Woman at Point Zero Summary

5789 WordsOct 8, 201224 Pages
Woman at Point Zero Summary Table of Contents BookRags Encyclopedia Entry....................................................................................1 Woman at Point Zero............................................................................................1 Copyright Information..........................................................................................1 Woman at Point Zero Summary ..................................................................................2 Woman at Point Zero............................................................................................2 by Nawal El Saadawi ......................................................................................2 . Events in History at the…show more content…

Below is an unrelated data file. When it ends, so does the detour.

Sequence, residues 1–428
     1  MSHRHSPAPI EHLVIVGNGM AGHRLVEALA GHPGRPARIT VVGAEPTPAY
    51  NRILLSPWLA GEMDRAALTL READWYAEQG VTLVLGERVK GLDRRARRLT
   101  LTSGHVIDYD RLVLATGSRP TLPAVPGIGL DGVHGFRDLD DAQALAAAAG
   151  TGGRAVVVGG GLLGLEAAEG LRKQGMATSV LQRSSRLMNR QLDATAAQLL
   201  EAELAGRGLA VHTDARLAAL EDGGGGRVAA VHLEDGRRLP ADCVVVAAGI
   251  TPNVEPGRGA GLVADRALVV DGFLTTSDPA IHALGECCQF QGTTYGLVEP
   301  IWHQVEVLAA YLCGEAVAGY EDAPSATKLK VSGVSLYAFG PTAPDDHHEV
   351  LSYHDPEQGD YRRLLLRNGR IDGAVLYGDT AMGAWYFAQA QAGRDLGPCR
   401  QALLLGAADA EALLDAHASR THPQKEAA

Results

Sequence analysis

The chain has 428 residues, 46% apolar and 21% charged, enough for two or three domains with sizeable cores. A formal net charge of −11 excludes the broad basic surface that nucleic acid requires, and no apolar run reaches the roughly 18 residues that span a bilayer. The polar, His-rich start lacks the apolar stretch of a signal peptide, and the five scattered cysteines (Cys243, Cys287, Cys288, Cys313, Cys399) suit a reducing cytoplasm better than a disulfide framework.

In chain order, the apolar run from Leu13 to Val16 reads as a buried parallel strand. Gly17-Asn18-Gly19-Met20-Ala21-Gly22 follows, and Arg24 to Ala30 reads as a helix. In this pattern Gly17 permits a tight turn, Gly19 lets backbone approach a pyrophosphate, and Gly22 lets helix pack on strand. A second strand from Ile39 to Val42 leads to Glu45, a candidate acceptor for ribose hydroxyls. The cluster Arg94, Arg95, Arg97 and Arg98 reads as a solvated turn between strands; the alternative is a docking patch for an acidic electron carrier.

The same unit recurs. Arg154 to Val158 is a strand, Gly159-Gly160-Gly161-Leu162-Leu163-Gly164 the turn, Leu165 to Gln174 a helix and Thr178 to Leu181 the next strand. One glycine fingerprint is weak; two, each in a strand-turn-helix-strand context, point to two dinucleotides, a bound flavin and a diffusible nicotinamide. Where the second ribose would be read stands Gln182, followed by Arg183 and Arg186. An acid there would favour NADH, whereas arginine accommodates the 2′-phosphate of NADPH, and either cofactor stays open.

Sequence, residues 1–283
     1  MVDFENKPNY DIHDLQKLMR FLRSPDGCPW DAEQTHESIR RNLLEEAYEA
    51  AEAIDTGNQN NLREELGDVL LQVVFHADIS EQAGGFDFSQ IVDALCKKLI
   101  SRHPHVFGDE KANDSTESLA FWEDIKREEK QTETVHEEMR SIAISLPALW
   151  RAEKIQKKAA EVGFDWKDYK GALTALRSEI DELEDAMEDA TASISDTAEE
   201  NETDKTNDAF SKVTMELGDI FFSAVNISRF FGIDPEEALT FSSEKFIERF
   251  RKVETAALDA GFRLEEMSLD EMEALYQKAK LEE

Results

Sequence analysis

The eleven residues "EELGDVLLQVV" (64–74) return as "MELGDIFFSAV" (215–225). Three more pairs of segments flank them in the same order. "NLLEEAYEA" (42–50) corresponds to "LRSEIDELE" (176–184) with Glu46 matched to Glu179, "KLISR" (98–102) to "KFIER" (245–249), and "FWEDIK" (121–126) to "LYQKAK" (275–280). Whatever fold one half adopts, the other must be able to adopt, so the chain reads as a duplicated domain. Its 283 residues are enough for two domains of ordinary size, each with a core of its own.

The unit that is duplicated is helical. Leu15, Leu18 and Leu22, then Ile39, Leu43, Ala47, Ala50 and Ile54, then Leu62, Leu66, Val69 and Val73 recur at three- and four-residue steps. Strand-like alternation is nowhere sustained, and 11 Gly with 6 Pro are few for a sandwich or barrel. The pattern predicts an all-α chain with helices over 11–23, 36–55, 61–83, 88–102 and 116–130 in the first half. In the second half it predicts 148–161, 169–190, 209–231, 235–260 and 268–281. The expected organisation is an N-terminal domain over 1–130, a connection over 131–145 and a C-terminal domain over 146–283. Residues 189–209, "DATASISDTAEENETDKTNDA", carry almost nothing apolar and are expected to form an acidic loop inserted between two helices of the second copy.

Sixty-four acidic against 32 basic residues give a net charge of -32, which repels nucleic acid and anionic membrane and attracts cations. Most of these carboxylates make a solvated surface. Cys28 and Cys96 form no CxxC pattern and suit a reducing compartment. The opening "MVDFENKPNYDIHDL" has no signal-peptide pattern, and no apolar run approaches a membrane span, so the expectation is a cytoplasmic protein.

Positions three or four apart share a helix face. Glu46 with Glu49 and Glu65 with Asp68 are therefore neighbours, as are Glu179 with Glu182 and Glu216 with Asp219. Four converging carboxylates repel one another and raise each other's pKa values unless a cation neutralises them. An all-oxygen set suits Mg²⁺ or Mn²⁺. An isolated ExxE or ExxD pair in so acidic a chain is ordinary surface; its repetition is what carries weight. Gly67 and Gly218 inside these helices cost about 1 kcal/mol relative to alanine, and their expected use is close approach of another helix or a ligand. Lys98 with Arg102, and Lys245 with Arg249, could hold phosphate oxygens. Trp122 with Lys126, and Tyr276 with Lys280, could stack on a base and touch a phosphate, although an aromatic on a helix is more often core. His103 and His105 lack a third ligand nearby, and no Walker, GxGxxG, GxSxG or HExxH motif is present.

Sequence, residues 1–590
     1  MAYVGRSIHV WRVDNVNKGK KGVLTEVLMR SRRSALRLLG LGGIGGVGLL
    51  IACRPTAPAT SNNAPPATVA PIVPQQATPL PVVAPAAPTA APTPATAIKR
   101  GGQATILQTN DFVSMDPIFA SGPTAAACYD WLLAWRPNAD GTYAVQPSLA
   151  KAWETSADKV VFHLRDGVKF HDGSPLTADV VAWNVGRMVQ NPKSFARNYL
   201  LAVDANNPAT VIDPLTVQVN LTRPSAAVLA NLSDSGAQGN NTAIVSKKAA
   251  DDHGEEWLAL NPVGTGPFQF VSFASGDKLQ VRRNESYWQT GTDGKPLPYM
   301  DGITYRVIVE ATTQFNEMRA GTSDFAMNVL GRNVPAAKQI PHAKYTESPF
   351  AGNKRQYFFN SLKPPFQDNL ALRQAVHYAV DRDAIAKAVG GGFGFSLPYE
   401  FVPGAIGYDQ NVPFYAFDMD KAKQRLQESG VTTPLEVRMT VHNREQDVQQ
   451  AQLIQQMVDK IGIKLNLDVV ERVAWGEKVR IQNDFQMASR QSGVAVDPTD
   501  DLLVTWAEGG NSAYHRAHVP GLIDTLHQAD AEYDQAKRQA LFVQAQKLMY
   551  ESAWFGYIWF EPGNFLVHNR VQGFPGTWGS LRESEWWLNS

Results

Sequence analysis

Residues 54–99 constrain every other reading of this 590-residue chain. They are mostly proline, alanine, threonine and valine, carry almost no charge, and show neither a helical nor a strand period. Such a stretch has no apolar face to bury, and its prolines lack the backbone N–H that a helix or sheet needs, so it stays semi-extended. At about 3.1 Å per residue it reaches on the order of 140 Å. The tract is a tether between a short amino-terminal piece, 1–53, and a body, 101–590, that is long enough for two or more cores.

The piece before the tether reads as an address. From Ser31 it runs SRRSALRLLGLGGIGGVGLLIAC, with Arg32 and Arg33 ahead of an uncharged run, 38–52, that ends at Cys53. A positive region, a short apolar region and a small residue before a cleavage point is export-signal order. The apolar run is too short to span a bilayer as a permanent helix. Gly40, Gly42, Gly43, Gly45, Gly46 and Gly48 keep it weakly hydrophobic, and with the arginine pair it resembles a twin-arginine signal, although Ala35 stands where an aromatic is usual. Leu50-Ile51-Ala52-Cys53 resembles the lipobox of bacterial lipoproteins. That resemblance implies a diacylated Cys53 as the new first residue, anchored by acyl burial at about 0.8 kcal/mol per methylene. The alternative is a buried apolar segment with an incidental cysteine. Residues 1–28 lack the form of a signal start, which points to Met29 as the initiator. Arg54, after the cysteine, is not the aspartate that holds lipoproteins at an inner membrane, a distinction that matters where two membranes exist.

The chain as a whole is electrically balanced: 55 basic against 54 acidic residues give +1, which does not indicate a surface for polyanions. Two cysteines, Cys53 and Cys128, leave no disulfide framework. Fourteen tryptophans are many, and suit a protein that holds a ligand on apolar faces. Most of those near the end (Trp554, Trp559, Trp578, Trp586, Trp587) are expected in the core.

The rebels shipped the king off to Europe; the elite who remained in Egypt would suffer— if not at first, then later under the new regime’s populist policies. Meanwhile, the peasants and urban poor appreciated the coup, although because of the inadequacy of reforms and policies like the decision to expand industry, their circumstances would be relieved only at the expense of growing debt and dependency for Egypt. Woman at Point Zero Summary 3 Woman at Point Zero Summary In 1953 the military officers banned all political parties and abolished the monarchy. The officers were eliminating potential rivals. Their one−time ally, President Naguib, was stripped of his powers, and Nasser became the voice of Egypt, with ‘Abd al−Hakim ‘Amir in control of the army. Another former ally, the Muslim Brotherhood, a 25−year−old grassroots Islamist party, was repressed by the new regime after a Muslim Brother tried to assassinate Nasser in 1954. Nasser’s government also put down a worker’s strike, and moved against the Communist Party and other leftists. In 1956 Nasser nationalized the Suez Canal in response to the withdrawal of an expected loan from the World Bank that year. The Egyptian masses applauded this seizure of Egypt’s largest source of revenue, which had been controlled by foreign powers since its construction under the local ruler, the khedive Isma‘il, in the nineteenth century.
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